Sunday, May 28, 2006

Dentistry, doubt and an interesting B&B

In a few spare moments I had the chance to read an incredible short story by Updike of a vicar going to the dentist in Oxford, UK. I must have reached the point in his short story collection that he has started to talk about his experience in England and the 'twittering English'. The story is so real that it must have happened. He visits a dentist and the dentist just out of the blue asks him if he can quote anything that Richard Hooker has written (because the character is doing a PhD on Hooker), to his shock, the whole experience of getting a filling and talking to this quite pleasant dentist makes him re-evaluate all that he is studying. The most intelligent thing that comes to his mind is 'More than ninety percent of the world's anthracite used to come from Pennsylvania'.

It isn't until he is about to leave that he remembers a quote by Richard Hooker. The doubts aren't there explicitly but I think that in the last few lines he is trying to express the idea that when it came to theology, the dentist put his experience in perspective and he found it far more enjoyable to watch the birds outside the window:

"'I just thought of a quotation from Hooker. It's very short.'
'Yes?'
'I grant we are apt, prone, and ready, to forsake God; but is God as ready to forsake us? Our minds are changeable; is His so likewise?'
Dr Merritt smiled. The two men stood in the same position they had hesitated in when Burton entered the room. Burton smiled. Outside the window, the wrens and the starlings, mixed indistinguishably, engaged in maneuvers that seemed essentially playful."


I then went on to the next story which is entitled 'The Madman' which is about a young couple who travel to Oxford, UK and have nowhere to stay. They end up at a B&B, and I just feel I have to quote all of this because it is one of the most enjoyable Updike paragraphs I have read in a very long time:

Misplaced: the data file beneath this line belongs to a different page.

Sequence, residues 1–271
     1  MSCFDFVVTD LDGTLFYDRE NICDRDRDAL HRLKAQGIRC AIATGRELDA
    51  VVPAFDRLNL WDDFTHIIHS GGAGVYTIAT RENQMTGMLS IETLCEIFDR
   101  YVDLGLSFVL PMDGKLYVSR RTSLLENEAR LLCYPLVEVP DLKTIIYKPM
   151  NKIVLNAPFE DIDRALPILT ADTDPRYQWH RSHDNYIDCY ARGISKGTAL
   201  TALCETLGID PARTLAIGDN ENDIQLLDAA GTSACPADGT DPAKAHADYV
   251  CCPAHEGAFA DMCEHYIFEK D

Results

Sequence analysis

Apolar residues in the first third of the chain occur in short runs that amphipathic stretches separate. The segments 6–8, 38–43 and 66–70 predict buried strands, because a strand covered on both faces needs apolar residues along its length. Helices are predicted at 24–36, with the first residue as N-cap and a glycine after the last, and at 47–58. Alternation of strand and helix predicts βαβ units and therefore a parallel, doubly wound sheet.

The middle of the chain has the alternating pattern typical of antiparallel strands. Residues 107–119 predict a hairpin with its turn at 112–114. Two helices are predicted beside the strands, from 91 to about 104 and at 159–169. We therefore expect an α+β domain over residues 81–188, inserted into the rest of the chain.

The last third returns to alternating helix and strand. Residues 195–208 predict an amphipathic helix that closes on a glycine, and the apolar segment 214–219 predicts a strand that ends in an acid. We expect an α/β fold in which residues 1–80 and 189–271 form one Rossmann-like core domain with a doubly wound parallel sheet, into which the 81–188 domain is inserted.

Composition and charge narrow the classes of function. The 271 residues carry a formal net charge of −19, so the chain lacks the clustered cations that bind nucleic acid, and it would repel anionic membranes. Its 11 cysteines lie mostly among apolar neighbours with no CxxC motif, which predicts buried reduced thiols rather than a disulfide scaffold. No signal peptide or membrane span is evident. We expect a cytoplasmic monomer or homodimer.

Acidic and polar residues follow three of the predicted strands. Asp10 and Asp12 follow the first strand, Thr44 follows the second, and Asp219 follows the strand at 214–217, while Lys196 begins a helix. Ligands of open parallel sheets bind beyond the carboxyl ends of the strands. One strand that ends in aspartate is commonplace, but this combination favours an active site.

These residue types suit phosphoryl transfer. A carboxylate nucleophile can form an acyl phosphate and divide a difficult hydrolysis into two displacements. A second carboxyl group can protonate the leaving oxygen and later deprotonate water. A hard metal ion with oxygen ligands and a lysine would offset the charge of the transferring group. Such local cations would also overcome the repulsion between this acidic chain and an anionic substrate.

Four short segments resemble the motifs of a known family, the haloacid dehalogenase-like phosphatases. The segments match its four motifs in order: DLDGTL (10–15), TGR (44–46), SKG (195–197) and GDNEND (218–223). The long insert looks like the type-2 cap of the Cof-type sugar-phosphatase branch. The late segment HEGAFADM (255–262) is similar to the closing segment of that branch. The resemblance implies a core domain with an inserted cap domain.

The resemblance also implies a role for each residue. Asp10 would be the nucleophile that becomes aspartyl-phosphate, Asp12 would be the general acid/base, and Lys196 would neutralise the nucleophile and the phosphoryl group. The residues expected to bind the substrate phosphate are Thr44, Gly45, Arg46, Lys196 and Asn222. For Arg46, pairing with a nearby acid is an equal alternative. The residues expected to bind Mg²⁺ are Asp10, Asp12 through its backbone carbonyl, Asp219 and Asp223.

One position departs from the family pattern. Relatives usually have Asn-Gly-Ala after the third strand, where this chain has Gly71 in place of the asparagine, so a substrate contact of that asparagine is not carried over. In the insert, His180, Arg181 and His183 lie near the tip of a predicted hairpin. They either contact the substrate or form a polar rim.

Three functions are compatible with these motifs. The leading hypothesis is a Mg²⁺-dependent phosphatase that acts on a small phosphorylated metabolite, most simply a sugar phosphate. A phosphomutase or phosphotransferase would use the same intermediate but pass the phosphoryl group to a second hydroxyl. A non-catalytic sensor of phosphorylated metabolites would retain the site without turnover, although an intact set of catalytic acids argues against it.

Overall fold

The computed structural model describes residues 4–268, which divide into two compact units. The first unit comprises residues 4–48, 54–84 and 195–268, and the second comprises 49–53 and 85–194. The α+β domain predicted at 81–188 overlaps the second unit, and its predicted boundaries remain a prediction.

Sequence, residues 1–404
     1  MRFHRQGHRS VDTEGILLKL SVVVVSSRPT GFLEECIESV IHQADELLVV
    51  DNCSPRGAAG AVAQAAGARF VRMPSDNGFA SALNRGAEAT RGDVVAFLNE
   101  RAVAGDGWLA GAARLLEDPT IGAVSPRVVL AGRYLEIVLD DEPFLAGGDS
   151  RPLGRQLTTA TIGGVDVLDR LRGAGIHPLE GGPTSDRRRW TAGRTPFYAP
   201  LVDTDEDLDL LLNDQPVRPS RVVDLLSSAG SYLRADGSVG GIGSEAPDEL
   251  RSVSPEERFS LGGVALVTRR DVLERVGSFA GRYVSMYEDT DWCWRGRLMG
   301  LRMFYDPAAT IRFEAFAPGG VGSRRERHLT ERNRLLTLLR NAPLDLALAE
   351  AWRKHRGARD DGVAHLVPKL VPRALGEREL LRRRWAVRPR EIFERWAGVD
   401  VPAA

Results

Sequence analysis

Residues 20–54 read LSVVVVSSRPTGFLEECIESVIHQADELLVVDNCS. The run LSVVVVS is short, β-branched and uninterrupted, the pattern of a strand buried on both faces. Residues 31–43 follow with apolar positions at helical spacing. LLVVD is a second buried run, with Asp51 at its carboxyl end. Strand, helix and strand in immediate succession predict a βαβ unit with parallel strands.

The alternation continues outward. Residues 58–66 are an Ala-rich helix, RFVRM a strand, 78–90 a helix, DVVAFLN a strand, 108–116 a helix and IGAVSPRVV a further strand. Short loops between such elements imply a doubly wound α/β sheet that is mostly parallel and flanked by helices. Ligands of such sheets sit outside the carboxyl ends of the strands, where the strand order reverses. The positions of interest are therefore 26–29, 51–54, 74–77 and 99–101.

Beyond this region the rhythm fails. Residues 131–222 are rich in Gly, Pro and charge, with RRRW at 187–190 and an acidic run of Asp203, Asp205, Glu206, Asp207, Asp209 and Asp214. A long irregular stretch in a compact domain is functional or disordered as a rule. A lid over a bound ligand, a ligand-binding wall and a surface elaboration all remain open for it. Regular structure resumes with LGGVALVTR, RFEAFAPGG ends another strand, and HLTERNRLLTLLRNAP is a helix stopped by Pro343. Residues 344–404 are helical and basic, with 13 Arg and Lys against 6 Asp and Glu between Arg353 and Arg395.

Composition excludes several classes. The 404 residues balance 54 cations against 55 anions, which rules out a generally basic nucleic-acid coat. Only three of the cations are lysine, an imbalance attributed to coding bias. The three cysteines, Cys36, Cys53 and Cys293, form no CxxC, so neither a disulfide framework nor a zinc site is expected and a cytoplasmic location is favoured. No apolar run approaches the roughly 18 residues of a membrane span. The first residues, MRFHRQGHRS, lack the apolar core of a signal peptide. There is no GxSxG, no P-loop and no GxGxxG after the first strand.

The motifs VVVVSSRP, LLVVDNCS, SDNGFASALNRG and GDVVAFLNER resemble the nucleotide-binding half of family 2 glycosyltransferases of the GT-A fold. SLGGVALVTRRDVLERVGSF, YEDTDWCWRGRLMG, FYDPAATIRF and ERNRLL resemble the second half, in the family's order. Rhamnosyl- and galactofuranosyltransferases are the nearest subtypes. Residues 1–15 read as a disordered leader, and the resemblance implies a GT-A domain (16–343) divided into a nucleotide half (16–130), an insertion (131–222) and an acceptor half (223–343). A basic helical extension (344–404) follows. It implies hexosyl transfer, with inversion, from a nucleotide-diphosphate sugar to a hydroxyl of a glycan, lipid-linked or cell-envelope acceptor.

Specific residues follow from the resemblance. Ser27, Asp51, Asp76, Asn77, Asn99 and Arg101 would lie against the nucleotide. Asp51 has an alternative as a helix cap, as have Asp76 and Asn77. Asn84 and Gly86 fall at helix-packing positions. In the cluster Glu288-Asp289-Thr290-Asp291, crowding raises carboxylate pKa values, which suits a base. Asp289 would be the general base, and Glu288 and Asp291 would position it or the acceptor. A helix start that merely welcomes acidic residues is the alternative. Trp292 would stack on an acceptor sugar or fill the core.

"Early in the evening as it was, Mr Pott wore a muttering, fuddled air of having been roused. The BED AND BREAKFAST sign in his window seemed to commit him to no hospitality. Only after impressing us with the dark difficulty of it, with the unprecedenting strain we were imposing upon the arrangements he had made with a disobliging and obtusely technical world, did he lead us upstairs and into a room. The room was large, chill, and amptly stocked with whatever demigods it is that supervise sleep. I remember that the deliciously cool sheets and coarse blankets were topped by a purple puff smelling faintly of lavender, and that in the morning, dressing, my wife and I skipped in and out of the radiant influence of the electric heater like a nymph and satyr competing at a shrine. The heater's plug was a ponderous and dangerous-looking affair of three prongs; plugging it in was my first real work of acclimatization. We appeared for breakfast a bit late. Of all the other boarders, only Mr Robinson (I have forgotten his real name) had yet to come down. Our places were laid at the dining table, and my place - I couldn't believe my eyes - was set an insanity, a half of a cooked tomato on a slice of fried bread."


You get a real sense of the outrage of the American about the English man who is so shocked to have to do work early in the evening and that he hadn't booked his room two weeks in advance which would have been 'proper'.

1 comment:

Anonymous said...

I used to go to the same dentist as Updike --here in America-- until my dental insurance coverage changed. Now he's out of network, so I see someone else. I don't often see Updike around town, but once in a while he is also where I am.
Carole